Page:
In order to facilitate your corrections, let me try to break down what I think I know and you can jump directly to the point where I have it wrong.

1. Moving a fluid through a tube we will be able to measure the pressure both along the sides of the tube and at the end of the tube where a valve is. Pressure measured along the sides of the tube will be lowered than pressure measured at the valve at the end of the tube because the kinetic energy of the moving fluid is being converted to pressure.

2. When we make the tube more narrow the liquid/gas begins to move faster. This results in a decrease of the pressure along the sides of the tube. The amount of pressure felt at the valve, on the other hand, will be increased because there is more kinetic energy being converted to pressure there.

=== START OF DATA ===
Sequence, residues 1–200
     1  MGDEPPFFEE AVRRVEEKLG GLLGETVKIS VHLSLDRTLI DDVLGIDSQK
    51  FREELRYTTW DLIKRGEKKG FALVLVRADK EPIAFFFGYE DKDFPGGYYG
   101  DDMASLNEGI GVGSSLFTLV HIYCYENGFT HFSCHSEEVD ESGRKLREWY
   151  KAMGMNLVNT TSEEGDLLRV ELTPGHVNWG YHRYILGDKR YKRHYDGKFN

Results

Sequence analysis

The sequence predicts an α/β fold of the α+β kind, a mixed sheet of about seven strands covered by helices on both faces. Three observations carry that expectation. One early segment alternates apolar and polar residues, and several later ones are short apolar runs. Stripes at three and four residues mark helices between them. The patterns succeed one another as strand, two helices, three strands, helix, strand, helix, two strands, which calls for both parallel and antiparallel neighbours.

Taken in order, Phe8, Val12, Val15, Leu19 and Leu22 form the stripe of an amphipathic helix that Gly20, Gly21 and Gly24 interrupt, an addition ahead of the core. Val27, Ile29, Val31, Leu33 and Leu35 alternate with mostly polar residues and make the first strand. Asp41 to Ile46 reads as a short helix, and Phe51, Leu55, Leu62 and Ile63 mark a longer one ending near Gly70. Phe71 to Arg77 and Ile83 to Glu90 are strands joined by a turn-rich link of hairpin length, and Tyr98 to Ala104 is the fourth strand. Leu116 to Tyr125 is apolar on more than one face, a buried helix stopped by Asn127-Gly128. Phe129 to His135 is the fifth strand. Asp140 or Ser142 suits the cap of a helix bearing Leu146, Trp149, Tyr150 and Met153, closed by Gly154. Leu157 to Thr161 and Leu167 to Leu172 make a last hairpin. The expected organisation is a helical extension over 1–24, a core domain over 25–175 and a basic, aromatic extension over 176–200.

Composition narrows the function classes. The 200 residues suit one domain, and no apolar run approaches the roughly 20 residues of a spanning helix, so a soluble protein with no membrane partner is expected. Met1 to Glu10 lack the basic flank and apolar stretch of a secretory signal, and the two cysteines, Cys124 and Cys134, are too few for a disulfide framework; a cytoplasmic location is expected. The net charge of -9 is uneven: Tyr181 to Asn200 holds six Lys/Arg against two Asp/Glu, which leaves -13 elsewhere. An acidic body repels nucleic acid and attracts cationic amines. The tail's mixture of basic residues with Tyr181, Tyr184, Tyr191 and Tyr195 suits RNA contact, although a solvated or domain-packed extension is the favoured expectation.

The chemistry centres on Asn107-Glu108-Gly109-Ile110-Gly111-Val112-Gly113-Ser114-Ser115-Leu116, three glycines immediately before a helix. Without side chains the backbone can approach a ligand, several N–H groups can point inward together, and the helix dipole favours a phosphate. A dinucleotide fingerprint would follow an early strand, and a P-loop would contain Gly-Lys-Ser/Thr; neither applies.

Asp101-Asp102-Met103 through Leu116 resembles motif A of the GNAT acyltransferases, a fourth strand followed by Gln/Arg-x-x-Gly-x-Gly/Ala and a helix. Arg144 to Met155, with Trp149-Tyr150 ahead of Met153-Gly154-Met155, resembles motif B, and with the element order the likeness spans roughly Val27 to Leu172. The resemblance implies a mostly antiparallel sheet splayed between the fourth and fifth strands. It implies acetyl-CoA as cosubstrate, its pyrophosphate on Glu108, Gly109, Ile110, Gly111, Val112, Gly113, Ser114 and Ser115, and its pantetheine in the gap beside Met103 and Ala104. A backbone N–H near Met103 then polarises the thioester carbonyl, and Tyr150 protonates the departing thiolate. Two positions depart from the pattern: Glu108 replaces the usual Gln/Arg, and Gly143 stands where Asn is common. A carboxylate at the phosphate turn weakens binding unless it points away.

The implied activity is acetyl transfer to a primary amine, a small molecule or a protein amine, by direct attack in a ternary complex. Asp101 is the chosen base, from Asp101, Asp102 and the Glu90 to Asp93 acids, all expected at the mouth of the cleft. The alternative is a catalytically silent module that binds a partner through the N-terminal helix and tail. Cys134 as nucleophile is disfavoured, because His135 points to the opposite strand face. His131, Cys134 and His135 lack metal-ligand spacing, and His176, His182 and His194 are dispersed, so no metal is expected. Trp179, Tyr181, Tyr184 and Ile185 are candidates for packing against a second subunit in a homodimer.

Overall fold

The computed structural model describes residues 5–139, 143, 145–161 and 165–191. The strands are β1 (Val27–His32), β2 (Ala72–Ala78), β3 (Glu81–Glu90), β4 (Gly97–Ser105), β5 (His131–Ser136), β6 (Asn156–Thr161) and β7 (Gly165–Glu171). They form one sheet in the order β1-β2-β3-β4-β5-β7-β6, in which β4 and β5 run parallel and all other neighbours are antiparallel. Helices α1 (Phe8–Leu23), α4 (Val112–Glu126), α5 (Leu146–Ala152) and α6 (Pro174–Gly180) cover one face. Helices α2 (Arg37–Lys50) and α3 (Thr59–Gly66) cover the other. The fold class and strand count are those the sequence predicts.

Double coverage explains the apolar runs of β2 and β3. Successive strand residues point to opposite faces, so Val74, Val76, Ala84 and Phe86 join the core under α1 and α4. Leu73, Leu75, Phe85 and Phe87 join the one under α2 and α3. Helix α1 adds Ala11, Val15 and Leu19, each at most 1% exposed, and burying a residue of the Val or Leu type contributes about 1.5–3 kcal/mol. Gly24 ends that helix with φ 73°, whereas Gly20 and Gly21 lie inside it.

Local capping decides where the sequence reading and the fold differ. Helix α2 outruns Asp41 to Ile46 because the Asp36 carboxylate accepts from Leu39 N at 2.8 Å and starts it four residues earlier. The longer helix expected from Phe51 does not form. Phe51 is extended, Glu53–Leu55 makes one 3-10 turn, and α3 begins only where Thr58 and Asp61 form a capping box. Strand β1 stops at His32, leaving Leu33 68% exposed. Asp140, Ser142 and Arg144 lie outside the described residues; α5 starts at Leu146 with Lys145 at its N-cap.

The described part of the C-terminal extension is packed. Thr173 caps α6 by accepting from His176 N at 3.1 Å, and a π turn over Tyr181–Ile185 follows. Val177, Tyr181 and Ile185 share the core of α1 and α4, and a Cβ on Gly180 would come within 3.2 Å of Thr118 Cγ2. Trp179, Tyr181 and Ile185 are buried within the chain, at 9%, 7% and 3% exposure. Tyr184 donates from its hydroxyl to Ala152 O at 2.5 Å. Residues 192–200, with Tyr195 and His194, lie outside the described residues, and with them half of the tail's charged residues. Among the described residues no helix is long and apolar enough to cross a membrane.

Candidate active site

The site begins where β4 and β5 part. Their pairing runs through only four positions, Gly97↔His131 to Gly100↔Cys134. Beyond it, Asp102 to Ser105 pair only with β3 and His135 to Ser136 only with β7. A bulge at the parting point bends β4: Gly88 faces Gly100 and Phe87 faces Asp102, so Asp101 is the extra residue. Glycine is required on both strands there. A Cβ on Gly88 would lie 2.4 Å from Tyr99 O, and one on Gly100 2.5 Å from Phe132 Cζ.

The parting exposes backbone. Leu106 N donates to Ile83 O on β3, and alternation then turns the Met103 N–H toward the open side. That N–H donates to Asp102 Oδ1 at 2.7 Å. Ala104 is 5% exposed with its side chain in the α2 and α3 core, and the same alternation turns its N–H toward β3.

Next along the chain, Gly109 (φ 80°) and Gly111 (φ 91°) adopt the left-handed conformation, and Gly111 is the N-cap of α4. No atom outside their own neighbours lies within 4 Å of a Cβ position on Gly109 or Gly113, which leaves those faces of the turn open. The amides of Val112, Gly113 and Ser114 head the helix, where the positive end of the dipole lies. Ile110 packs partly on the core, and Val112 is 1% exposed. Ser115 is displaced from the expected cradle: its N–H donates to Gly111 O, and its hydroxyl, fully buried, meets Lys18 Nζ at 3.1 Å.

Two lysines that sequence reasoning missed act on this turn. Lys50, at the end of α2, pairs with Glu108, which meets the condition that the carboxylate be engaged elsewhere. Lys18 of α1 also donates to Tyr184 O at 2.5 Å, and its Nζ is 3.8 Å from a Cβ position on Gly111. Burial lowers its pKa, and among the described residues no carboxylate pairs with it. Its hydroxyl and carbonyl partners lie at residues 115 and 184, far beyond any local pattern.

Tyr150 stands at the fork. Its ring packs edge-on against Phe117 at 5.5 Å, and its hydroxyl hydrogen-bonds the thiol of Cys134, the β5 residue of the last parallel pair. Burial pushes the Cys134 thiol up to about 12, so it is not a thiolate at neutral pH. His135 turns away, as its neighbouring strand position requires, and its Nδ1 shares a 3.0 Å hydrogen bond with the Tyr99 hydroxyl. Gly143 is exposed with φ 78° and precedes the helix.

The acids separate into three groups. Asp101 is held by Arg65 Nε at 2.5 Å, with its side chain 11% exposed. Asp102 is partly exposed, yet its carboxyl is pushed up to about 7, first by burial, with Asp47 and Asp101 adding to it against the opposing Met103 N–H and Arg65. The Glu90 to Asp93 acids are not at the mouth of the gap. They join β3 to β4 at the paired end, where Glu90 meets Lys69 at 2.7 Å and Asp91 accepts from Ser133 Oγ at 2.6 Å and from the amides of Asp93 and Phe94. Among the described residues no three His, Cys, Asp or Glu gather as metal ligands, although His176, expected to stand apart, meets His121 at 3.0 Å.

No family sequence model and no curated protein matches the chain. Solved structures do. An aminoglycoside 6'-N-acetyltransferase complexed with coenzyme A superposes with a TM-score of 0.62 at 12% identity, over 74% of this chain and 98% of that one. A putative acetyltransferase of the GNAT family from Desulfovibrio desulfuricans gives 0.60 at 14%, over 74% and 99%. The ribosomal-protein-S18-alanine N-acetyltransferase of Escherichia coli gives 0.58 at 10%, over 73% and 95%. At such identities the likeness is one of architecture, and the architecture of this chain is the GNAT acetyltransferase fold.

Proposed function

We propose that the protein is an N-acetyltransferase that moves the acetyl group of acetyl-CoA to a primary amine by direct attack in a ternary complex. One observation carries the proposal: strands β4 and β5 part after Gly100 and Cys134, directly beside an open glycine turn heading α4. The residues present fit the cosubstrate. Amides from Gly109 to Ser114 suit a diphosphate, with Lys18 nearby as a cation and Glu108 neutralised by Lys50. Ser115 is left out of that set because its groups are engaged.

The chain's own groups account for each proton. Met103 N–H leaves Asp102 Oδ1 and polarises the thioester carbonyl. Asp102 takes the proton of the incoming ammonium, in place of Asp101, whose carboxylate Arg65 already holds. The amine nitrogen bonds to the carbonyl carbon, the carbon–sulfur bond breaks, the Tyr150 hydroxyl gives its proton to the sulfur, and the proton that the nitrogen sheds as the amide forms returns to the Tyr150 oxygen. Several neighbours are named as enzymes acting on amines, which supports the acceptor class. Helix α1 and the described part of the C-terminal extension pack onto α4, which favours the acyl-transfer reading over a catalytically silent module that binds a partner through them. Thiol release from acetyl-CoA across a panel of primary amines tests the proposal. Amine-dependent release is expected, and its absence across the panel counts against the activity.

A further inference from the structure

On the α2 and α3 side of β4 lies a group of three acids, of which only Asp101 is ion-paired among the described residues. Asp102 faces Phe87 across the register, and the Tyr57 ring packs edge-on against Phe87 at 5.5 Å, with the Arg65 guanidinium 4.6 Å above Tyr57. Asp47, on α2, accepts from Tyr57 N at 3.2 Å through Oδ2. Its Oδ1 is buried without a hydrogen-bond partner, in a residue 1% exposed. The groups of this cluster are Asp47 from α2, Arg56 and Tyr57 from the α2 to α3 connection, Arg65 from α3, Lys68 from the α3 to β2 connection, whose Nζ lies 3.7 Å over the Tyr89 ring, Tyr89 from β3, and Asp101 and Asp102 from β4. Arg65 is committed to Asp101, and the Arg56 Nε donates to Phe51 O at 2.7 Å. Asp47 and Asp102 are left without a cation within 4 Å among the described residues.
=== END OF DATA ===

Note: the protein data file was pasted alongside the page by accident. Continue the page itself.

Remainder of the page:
3. Assuming that these same physical principles apply to what a brass player does inside his or her oral cavity when playing due to changing the level of the tongue arch, is it correct to assume that if a brass player raises the tongue and effectively narrows the “tube” the amount of pressure felt at the “valve” should be felt to be stronger? If so, would this increased ram pressure at the embouchure help contribute to higher pitches?

You suggest that this is incorrect. Can you please help me understand this better and not only tell me where I have it wrong but explain to me why it’s wrong. For me, this is not about proving my theory about tonguing techniques right, it’s about learning more about how the science applies to my interests.



Fred Richardson